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Dairy sector : Rwanda aims for leadership

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Dairy sector : Rwanda aims for leadership

In 2023, the Rwandan dairy sector churned out one billion liters of milk, yet it still trails behind the industry leader, Kenya. Rwanda’s dairy industry development project aims to target 53 % of Rwandan dairy households and generate 3,400 new job opportunities.

Kigali’s aspiration to excel among Eastern

Region PeersKigali is embarking on an ambitious journey to elevate production within Rwanda’s dairy sector, a strategic move poised to challenge the supremacy of its East African counterparts, Kenya and Tanzania. Under the Rwanda Dairy Development Project (RDDP), Kigali is poised to implement initiatives aimed at turbocharging milk production.

Rwanda’s annual milk production is already on an impressive upward trajectory, surging past one million tons in 2023, equivalent to approximately one billion liters. This remarkable leap from 2020, as disclosed by the Rwandan Ministry of Agriculture and Animal Resources, underscores the sector’s promising growth trajectory.

Committing to extensive and sustainable investments in the industry

The 100.37 million USD initiative, envisioned to unfold over six years, according to the International Fund for Agricultural Development (IFAD), holds paramount importance in propelling this expansion. This substantial investment marks the second phase of Rwanda’s aspirations for dairy sector development. Notably, the project aims to fortify the resilience of the nation’s dairy industry against the impacts of climate change.

Crucially, the project seeks to uplift the livelihoods of rural households, the primary custodians of dairy cattle. Ultimately, this ambitious endeavor is anticipated to:

  • Engage 80 % of dairy households
  • Elevate their incomes by 30 %
  • Generate over 3,400 new employment opportunities within Rwanda’s dairy sector.

Under the stewardship of IFAD, it is projected that 53 % of households engaged in Rwanda’s dairy sector will adopt environmentally sustainable and climate-resilient technologies and practices. Moreover, 45 % of households are expected to benefit from enhanced nutritional security through heightened production.

This subsequent phase builds upon the accomplishments of the initial Rwanda Dairy Sector Development Project (RDDP), with a total investment of 65.1 million USD. It reportedly yielded positive outcomes for the sector and its target demographic, rural farmers.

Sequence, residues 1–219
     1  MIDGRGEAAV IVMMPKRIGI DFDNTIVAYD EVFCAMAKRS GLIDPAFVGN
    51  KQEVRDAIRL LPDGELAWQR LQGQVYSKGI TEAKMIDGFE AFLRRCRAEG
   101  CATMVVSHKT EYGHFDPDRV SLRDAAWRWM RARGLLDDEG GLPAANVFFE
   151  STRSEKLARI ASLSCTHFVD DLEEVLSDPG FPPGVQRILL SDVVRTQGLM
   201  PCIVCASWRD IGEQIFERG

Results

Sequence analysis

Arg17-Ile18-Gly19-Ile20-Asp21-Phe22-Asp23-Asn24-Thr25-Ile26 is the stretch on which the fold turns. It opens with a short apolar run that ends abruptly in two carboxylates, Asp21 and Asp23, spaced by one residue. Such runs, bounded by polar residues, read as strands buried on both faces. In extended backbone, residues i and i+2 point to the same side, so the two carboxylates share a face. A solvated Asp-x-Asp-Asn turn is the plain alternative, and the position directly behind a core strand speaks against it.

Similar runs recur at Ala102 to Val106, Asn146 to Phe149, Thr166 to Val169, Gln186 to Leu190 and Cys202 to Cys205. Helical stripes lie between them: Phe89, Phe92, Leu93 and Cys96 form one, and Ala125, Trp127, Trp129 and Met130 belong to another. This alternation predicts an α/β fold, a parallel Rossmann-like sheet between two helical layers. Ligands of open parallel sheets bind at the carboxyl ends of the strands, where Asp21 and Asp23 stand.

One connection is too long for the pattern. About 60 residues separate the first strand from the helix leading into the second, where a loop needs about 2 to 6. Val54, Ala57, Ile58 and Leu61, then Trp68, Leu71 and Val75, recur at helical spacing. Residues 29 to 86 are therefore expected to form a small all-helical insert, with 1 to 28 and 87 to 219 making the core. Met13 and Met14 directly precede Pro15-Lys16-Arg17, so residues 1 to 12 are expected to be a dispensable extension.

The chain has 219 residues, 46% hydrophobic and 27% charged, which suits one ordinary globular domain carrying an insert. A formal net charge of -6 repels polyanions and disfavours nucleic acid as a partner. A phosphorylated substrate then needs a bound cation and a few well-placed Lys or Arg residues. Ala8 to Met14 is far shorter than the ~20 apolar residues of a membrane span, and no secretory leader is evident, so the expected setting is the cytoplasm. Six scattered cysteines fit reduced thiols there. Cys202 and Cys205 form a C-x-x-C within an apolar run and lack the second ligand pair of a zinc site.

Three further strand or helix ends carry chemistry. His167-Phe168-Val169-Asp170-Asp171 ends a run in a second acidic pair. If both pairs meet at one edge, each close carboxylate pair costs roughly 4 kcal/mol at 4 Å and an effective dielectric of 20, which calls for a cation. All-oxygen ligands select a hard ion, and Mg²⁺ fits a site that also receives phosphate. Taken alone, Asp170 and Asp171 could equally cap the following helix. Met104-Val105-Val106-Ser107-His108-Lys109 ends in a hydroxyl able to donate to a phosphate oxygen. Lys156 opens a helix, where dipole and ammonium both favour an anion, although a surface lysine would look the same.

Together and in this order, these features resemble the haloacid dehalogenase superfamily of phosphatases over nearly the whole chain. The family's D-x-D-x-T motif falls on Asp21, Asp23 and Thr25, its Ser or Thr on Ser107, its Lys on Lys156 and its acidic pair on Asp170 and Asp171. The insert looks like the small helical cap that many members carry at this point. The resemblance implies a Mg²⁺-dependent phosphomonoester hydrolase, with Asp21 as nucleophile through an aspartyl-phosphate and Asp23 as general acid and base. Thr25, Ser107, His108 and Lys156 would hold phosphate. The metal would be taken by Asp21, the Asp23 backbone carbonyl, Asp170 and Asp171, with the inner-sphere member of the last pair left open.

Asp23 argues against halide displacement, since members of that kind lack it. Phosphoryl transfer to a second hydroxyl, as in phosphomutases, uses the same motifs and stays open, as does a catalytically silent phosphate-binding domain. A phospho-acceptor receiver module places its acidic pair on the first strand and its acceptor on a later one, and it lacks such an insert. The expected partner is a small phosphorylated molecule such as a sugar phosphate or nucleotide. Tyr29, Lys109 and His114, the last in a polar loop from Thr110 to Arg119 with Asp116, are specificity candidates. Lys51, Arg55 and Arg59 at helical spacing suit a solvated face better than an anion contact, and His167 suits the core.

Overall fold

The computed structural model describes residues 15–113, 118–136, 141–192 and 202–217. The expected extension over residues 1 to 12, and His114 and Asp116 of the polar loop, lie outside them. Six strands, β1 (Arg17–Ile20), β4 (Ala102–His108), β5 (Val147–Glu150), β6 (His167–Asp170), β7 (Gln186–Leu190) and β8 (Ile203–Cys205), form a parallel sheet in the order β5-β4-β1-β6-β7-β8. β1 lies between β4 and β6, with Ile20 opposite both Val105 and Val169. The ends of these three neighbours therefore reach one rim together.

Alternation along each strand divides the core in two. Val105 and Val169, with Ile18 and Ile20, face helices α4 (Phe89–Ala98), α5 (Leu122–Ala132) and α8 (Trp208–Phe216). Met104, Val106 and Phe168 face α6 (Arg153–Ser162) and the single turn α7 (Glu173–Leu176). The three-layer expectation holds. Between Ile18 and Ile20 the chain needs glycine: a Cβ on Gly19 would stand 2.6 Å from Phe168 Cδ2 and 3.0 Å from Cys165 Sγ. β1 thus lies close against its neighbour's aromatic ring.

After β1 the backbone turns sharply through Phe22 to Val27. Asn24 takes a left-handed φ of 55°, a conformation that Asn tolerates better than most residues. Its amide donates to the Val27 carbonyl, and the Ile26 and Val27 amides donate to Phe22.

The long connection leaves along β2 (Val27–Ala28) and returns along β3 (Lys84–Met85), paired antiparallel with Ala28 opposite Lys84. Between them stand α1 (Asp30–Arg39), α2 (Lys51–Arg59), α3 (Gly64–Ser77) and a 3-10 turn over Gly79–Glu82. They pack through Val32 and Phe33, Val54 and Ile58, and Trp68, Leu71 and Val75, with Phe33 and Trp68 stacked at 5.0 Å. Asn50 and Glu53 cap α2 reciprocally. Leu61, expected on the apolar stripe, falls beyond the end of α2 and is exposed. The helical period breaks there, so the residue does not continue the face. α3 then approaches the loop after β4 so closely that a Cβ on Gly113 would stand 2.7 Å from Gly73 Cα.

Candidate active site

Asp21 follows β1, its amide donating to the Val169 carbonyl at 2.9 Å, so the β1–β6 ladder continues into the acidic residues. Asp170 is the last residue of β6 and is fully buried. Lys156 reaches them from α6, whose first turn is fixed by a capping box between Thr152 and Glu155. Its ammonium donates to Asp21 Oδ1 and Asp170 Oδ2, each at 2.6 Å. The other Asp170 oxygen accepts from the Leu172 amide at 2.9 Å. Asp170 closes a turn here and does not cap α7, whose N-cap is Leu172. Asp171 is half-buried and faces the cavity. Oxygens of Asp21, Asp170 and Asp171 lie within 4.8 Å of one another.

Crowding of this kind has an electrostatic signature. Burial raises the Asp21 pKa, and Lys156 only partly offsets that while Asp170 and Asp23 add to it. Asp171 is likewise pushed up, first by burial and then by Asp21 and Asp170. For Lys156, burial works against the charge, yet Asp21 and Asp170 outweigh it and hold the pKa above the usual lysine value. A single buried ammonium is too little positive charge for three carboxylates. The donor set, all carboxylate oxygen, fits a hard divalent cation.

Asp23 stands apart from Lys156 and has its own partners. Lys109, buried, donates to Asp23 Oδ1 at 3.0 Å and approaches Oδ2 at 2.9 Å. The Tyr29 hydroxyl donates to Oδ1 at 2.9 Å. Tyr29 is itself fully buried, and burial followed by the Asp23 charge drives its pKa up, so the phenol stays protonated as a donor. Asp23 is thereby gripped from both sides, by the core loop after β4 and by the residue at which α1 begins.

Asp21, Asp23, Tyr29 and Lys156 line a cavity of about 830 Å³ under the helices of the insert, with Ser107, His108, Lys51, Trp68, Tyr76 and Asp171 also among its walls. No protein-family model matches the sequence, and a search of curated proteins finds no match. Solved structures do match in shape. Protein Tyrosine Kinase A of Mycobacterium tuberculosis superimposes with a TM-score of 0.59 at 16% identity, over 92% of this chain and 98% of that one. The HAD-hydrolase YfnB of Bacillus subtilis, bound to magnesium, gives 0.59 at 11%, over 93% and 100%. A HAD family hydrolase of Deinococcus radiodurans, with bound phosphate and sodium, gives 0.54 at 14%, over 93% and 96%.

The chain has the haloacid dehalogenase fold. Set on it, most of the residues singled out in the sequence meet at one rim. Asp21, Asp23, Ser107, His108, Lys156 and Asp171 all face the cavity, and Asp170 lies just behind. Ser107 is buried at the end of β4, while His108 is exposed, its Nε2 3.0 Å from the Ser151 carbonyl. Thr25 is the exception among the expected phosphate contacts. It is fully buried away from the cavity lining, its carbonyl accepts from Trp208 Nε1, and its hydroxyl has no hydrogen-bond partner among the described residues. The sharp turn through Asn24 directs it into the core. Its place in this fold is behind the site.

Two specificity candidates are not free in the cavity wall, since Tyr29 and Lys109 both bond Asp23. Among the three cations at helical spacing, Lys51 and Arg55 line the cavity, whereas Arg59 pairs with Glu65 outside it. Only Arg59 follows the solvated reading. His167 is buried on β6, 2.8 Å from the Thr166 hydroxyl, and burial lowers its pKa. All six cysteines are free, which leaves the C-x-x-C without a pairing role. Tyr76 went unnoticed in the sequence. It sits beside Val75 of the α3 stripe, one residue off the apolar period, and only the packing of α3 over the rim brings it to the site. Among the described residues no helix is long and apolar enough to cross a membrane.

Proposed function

Confronting hurdles and adversities

As outlined by IFAD, prevailing challenges encompass subpar milk productivity levels from cows, predominantly stemming from inadequate access to quality water and a shortage of investments in the value chain. In response to these obstacles, the Rwandan Parliament has greenlit a financing agreement between Rwanda and IFAD, enabling Rwanda to secure three loans amounting to 20 million USD as the initial financing tranche.

Uzziel Ndagijimana, Rwandan Minister of Finance and Economic Planning, asserts, « Recognizing the cyclical nature of milk production and supply, characterized by ample yields during the rainy season and constrained supply during the dry season, this project endeavors to establish climate-resilient milk production systems to mitigate milk shortages during dry periods ».

With the support of IFAD, the project aims to catalyze the transformation of the dairy sector’s value chain into a more sustainable sub-sector.

Promoting ecology in the dairy value chain

« The greening of the dairy value chain and the reduction of its greenhouse gas emissions will help us approach or achieve carbon neutrality, in line with national commitments under the Nationally Determined Contribution and the Global Methane Pledge », stated the minister.

The RDDP-2 will be implemented over six years (2024-2029) and conducted in 27 districts, including 14 initial RDDP districts and 13 new districts to expand the process. It will target 45 % female beneficiaries and 25 % youth beneficiaries. Through the project, 164 milk processing facilities will be built, and another 95 milk collection centers will be equipped. Includes what IFAD calls a « digitized milk transaction management system ».